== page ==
The Guardian July 19, 2000


An uneasy truce in the Hunter Valley coalmine dispute

by Peter Mac

After 18 months of negotiations, officials of the Construction, Forestry, 
Mining and Engineering Union and management representatives of Rio Tinto's 
Mount Thorley mine in the NSW Hunter Valley have reached a tentative 
agreement, following three years of bitter dispute.

The "knife-edge" agreement would preserve the principle of collective 
bargaining, which since 1993 the company has sought to replace with 
individual contracts, in order to force unions out of the workplace and 
reduce wages and conditions.

The agreement would in effect re-establish the relativity of awards for 
workers at the Hunter Valley mines.

It would also include a one-off payment of $4,500, plus an immediate 
average pay rise of $5,000 per annum. This would bring wages at this mine 
to $85,000 p.a. on average, with a top rate of $96,000 p.a..

However, the agreement also involves the unrestricted use of contractors 
and the introduction of 12-hour shifts, the breakdown of demarcations and 
an end to seniority.

Although the company failed to eliminate collective bargaining, the use of 
individual contracts is still allowable under the agreement.

Unionists' suspicions of the company's intentions deepened after the 
jubilant reaction of Coal and Allied management, on announcement of the 
agreement.

Although it is for three years, it is entirely possible that the company 
will try to replace as many regular employees as possible with contractors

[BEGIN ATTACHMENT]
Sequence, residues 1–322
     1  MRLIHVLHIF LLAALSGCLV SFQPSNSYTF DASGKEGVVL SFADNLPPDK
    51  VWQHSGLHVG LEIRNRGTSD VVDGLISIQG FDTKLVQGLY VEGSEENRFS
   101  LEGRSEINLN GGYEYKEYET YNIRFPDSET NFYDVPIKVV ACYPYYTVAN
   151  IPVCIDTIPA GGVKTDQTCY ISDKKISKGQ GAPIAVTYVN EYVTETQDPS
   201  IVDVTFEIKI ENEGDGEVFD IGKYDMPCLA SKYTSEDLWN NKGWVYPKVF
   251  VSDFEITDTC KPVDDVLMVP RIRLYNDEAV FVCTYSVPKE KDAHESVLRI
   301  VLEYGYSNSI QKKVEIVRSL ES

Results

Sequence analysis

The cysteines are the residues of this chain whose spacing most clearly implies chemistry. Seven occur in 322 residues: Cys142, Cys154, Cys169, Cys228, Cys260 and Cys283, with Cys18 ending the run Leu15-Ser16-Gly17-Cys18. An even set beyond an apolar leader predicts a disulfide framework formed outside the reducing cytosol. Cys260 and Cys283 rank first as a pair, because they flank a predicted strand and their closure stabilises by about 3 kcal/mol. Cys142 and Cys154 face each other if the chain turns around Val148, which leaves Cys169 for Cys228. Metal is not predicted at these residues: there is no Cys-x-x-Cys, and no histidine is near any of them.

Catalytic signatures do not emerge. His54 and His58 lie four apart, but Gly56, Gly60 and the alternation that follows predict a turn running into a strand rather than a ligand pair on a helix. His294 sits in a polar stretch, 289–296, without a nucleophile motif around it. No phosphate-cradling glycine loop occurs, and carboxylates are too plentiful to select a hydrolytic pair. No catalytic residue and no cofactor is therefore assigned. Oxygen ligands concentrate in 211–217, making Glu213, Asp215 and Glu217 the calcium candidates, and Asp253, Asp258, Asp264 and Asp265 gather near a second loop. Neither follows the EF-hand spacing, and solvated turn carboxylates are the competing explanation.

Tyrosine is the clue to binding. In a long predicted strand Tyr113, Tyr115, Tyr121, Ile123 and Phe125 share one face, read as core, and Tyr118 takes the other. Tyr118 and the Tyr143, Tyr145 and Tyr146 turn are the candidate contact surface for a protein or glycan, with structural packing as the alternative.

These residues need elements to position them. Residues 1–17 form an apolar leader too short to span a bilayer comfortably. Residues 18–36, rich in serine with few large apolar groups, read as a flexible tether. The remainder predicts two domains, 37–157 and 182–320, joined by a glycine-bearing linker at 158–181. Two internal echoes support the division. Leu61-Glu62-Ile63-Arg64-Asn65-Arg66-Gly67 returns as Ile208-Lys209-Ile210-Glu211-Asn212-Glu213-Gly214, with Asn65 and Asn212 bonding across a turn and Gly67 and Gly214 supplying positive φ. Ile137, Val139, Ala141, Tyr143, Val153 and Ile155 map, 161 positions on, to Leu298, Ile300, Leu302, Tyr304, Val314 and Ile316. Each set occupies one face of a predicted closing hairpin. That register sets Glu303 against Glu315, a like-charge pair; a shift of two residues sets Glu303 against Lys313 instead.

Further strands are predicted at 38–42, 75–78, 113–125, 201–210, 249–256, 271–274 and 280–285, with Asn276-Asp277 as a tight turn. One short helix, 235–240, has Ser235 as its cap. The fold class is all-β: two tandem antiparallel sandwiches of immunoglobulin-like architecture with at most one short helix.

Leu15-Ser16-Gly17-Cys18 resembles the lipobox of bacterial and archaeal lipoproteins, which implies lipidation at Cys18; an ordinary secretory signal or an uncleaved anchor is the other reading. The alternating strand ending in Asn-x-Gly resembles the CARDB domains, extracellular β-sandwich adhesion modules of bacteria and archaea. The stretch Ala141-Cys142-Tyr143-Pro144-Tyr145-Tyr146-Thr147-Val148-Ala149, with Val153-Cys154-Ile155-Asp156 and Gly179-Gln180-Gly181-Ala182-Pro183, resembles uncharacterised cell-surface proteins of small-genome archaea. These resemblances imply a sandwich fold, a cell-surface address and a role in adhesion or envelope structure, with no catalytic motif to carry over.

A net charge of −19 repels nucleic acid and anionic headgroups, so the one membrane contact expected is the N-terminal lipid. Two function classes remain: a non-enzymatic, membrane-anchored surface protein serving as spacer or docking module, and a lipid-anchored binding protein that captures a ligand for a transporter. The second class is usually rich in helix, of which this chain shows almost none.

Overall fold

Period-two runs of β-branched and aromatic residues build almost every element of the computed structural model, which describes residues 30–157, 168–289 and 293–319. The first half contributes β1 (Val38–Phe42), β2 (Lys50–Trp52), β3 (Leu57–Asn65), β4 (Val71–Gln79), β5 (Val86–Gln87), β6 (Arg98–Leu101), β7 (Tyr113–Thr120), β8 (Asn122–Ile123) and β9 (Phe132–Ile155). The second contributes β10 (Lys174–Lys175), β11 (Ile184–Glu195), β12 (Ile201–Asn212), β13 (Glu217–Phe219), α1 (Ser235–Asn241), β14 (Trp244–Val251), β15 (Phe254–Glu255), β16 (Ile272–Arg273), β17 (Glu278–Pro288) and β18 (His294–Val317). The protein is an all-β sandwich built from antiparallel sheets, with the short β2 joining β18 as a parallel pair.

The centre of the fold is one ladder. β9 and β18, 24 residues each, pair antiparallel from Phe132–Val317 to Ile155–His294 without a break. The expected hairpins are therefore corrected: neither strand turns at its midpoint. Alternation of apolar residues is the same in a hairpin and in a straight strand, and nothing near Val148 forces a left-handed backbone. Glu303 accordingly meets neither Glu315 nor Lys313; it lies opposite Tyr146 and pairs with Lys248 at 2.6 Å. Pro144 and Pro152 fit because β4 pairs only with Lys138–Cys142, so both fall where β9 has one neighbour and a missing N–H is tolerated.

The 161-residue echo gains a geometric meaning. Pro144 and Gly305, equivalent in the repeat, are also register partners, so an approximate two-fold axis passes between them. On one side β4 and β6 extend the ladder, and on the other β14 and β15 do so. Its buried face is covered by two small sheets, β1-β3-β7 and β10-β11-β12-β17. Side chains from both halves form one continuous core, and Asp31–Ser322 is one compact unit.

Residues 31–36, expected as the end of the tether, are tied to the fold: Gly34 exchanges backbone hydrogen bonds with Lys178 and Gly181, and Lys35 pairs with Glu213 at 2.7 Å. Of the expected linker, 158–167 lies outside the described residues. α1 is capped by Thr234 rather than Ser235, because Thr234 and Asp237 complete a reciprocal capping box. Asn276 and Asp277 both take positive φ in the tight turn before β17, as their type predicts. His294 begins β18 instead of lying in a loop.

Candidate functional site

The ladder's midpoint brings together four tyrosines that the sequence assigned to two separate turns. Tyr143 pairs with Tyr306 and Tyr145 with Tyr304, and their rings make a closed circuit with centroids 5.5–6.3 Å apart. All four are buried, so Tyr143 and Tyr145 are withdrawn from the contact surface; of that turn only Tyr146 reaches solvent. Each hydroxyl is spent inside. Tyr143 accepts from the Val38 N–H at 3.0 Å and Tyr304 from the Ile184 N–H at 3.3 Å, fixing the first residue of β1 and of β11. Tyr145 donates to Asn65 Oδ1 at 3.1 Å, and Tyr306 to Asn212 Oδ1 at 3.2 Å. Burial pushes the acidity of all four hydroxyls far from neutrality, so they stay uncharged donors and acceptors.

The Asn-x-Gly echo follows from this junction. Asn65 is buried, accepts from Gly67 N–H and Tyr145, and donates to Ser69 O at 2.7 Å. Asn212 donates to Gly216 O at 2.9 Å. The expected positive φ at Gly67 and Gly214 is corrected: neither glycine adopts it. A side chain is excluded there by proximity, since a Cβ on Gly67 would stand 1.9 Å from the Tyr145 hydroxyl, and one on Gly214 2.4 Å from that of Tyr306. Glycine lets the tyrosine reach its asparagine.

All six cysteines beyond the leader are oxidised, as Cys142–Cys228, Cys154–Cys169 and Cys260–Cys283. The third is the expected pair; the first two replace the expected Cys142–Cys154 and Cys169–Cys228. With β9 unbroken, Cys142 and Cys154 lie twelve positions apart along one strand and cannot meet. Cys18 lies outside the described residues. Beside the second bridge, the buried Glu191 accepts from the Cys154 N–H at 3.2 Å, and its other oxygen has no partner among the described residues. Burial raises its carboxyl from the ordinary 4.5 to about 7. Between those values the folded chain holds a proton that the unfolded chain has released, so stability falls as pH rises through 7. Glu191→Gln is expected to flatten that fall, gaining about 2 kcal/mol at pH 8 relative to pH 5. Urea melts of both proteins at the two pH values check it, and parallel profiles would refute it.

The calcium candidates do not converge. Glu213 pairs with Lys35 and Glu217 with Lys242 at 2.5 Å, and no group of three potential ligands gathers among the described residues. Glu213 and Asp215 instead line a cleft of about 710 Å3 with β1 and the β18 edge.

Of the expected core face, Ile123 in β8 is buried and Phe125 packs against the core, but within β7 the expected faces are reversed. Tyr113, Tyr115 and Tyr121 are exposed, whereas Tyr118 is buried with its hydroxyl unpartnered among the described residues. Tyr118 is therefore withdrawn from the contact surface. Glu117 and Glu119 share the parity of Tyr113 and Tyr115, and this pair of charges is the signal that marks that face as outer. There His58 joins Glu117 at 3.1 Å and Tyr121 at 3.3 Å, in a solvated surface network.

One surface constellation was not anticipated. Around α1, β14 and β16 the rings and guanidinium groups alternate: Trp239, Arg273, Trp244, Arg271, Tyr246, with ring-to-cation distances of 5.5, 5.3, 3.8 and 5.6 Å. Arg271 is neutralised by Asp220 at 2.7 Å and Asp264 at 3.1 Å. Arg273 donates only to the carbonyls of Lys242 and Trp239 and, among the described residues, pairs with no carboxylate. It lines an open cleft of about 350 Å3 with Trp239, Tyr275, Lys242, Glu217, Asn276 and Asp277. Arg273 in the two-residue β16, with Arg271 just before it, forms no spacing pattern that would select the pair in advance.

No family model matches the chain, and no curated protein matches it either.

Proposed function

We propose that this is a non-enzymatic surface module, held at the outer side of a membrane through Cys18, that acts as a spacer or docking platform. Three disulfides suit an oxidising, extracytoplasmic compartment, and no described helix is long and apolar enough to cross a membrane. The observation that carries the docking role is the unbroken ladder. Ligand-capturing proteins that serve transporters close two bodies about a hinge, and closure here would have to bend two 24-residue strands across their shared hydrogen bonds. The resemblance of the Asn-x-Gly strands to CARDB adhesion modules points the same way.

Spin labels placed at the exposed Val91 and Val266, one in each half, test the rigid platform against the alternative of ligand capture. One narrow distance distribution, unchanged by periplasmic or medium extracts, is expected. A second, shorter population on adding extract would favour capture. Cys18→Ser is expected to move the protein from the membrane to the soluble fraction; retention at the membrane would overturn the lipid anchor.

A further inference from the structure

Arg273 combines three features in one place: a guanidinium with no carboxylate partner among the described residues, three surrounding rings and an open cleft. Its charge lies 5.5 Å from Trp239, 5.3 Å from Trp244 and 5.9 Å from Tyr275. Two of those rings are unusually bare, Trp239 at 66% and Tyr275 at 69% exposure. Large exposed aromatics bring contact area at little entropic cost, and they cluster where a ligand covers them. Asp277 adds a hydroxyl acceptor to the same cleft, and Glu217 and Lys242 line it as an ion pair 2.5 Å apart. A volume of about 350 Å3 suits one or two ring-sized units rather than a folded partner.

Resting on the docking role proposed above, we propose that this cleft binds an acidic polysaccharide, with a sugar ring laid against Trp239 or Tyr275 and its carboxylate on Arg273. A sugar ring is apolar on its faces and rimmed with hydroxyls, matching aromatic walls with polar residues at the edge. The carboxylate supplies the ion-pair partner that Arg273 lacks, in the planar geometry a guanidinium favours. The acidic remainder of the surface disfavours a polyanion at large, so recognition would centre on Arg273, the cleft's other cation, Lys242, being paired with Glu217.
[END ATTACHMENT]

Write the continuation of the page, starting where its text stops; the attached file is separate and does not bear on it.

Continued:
and individual contract workers over that period.

Mount Thorley workers will vote on the tentative agreement next Tuesday, 
July 25. Even if they vote to accept the deal it by no means signals an end 
to Rio Tinto's disputes with its employees.

Last week workers from Rio Tinto's Hunter Valley mine, together with 
company employees in the US, Chile, Brazil, Norway and South Africa, held a 
one-day stop-work meeting against its failure to negotiate with workers and 
its abysmal record on labour relations and human rights in Australia and 
around the world.

The meeting was told of Rio Tinto's continuing violation of human rights, 
including three current mass unfair dismissal cases and a court judgement 
against the company for victimisation of union members.

CFMEU National Secretary John Maitland said of the Mt Thorley tentative 
agreement that union campaigns to influence Rio Tinto shareholders had 
clearly provided a further incentive for the company to settle the Hunter 
Valley dispute.

However, the mineworkers expressed wariness of extending trust to the 
company and voted unanimously to continue the international campaign 
against it.

John Maitland commented that: "If the Mt Thorley proposal is used by Rio 
Tinto as simply a public relations exercise to deflect the international 
campaign against it then further progress will be slow. The company has a 
long way to go to regain the confidence of its workers and their 
communities."

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